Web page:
As it is, we'll now consider ourselves lucky if the next president doesn't walk off with the silver. (Actually, George W. Bush gives every indication of being a highly honorable person, but that's a subject for another column.)
In districts around the nation and in the U.S. congress (see headline above), you find efforts to add "character education" to school curricula. In Mississippi, students are now obliged to address teachers as "sir" or "ma'am." Even in liberal Wisconsin, a measure has been introduced to require that students address teachers as Mr., Miss, Mrs. or Ms.
If you thought such elemental respect was commonplace, you haven't visited a public school recently. Character Counts, a coalition of businesses, educators and entertainers, promotes a character-building program centered on the virtues of trustworthiness, respect, responsibility, fairness, caring and citizenship.
These efforts, commendable as they are, will amount to little if children continue to see that there is no penalty for falling short of these virtues. If you teach children that "cheaters never prosper," it ought to be true.
"Two senators announced bipartisan legislation Tuesday designed to build schoolchildren's character by teaching them about respect and responsibility." -- Associated Press.
"Controversy Casts Shadow on Clinton's Party Role; Democrats Squirm at Damage Done in White House exit." -- The Washington Post
Bill Clinton has just made a significant contribution to the nation's moral hygiene by taking his leave of the spotlight. But even the response to his last-minute abuses of power and base criminality (stealing the White House furnishings) suggests how very far we have to go in repairing the damage. Following the Clinton debacle, the United States is, in moral terms, like the USS Cole, limping home.
In this latest episode, as in so many of the scandals that defined the Clinton presidency, the worst part was not so much the crimes and abuses committed by the president and his entire administration -- though they were appalling enough -- but his success in persuading most Americans that this is par for the course.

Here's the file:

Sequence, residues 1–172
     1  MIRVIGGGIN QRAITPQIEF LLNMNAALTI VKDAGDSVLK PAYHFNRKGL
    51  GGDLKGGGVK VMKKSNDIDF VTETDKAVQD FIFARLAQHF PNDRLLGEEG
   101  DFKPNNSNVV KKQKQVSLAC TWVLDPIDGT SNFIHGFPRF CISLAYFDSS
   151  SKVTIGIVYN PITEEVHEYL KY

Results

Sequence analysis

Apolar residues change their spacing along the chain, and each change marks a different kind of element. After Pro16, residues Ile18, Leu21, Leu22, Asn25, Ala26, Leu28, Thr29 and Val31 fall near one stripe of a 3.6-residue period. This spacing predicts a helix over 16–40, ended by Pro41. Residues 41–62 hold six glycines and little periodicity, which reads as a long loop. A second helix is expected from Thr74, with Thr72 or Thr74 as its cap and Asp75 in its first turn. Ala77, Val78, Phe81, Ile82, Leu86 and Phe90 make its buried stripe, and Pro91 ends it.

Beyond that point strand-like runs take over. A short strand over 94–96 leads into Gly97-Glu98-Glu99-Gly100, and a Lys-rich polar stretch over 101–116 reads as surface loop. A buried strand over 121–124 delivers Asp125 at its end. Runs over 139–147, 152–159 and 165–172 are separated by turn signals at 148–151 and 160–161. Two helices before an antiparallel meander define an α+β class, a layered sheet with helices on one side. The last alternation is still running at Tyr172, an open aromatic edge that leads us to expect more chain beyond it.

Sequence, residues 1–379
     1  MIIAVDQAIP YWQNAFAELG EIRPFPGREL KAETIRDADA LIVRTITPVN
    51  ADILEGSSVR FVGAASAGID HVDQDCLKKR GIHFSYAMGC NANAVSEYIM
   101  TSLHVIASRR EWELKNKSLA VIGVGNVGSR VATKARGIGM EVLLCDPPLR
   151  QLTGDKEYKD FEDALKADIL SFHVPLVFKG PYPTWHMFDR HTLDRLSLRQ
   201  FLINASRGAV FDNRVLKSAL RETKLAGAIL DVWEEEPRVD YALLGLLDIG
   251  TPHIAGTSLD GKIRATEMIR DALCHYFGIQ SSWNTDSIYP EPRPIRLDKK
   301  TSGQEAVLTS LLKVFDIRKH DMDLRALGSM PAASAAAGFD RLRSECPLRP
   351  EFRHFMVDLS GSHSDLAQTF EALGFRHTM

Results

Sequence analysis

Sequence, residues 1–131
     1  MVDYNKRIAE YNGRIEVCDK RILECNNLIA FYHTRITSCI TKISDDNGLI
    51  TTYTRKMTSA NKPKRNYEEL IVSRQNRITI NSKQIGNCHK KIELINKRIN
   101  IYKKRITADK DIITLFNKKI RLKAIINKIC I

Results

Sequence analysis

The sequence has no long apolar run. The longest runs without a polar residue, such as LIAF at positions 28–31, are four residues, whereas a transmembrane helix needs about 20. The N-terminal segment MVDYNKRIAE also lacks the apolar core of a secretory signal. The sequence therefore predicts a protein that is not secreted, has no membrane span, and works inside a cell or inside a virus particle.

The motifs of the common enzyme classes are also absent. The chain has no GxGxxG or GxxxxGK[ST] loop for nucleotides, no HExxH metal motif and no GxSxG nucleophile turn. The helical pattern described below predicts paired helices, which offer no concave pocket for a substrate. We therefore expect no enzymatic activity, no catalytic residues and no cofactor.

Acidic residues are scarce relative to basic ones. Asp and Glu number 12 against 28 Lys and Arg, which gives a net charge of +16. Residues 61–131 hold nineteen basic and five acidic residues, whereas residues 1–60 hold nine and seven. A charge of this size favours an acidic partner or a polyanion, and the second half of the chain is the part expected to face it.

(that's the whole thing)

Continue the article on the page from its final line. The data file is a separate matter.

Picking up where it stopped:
The Gallup organization asked Americans: "Which comes closer to your view of Bill Clinton's actions in his last week in office, including the pardons he granted and the gifts he took with him. Do you think Clinton's actions were worse than what other presidents have done, or most other presidents have done similar or worse things when leaving office?" Forty-five percent thought Clinton's actions were worse, but 50 percent thought other presidents had done similar or worse things! (Perhaps Dolly Madison was actually intending to take that Gilbert Stuart painting of George Washington for herself!)
So it went for the Elian Gonzalez raid, the cash for favors, the bombing of Sudan, the various sex scandals and the rest -- even including a very persuasive allegation of aggressive sexual harassment in the Oval Office (the Willey case) and a credible accusation rape 20 years before. At every turn, the American people seemed to accept the Clinton spin that "everybody does it." On those grounds, or for other reasons, they declined to hold the Clintons accountable.
And yet, majorities of Americans continue to tell pollsters that moral decline is the greatest problem facing the country. Isn't this a bit like complaining that your child is spoiled while at the same time refusing to impose discipline on him?
As bad as Bill Clinton is, he was not a dictator. He could not have achieved re-election or withstood impeachment without the support of the American people. Many made the argument during the Clinton years that presidents are not moral leaders -- but of course, the best ones are. And, in fact, so are the worst -- just in the wrong direction. If the nation had thrown Clinton off like a bad virus in 1998, who can doubt that the message would have been: We deserve better. We